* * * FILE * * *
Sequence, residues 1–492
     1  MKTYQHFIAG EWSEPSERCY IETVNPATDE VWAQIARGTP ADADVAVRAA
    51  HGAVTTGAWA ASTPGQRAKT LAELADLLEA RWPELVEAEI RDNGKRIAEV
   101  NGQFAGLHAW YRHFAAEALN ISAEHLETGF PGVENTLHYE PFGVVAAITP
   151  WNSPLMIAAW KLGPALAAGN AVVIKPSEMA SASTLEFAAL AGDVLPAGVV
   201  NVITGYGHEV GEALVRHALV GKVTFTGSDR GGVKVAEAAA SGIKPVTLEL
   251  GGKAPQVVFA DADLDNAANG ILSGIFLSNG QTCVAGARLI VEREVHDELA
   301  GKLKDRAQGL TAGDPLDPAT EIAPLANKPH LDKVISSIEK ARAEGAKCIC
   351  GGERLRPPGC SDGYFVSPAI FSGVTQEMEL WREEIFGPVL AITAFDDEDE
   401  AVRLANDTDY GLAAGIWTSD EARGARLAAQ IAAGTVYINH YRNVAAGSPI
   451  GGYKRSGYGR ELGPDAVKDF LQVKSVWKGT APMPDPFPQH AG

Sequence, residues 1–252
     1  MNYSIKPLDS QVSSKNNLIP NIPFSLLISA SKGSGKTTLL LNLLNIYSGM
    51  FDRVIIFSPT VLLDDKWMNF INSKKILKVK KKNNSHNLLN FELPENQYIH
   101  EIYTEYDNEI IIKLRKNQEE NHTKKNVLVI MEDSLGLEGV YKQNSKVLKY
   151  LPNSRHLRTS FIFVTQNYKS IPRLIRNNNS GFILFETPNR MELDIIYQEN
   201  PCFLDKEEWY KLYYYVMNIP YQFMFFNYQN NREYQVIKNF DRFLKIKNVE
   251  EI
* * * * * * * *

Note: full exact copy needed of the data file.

Sequence, residues 1–492
     1  MKTYQHFIAG EWSEPSERCY IETVNPATDE VWAQIARGTP ADADVAVRAA
    51  HGAVTTGAWA ASTPGQRAKT LAELADLLEA RWPELVEAEI RDNGKRIAEV
   101  NGQFAGLHAW YRHFAAEALN ISAEHLETGF PGVENTLHYE PFGVVAAITP
   151  WNSPLMIAAW KLGPALAAGN AVVIKPSEMA SASTLEFAAL AGDVLPAGVV
   201  NVITGYGHEV GEALVRHALV GKVTFTGSDR GGVKVAEAAA SGIKPVTLEL
   251  GGKAPQVVFA DADLDNAANG ILSGIFLSNG QTCVAGARLI VEREVHDELA
   301  GKLKDRAQGL TAGDPLDPAT EIAPLANKPH LDKVISSIEK ARAEGAKCIC
   351  GGERLRPPGC SDGYFVSPAI FSGVTQEMEL WREEIFGPVL AITAFDDEDE
   401  AVRLANDTDY GLAAGIWTSD EARGARLAAQ IAAGTVYINH YRNVAAGSPI
   451  GGYKRSGYGR ELGPDAVKDF LQVKSVWKGT APMPDPFPQH AG

Sequence, residues 1–252
     1  MNYSIKPLDS QVSSKNNLIP NIPFSLLISA SKGSGKTTLL LNLLNIYSGM
    51  FDRVIIFSPT VLLDDKWMNF INSKKILKVK KKNNSHNLLN FELPENQYIH
   101  EIYTEYDNEI IIKLRKNQEE NHTKKNVLVI MEDSLGLEGV YKQNSKVLKY
   151  LPNSRHLRTS FIFVTQNYKS IPRLIRNNNS GFILFETPNR MELDIIYQEN
   201  PCFLDKEEWY KLYYYVMNIP YQFMFFNYQN NREYQVIKNF DRFLKIKNVE
   251  EI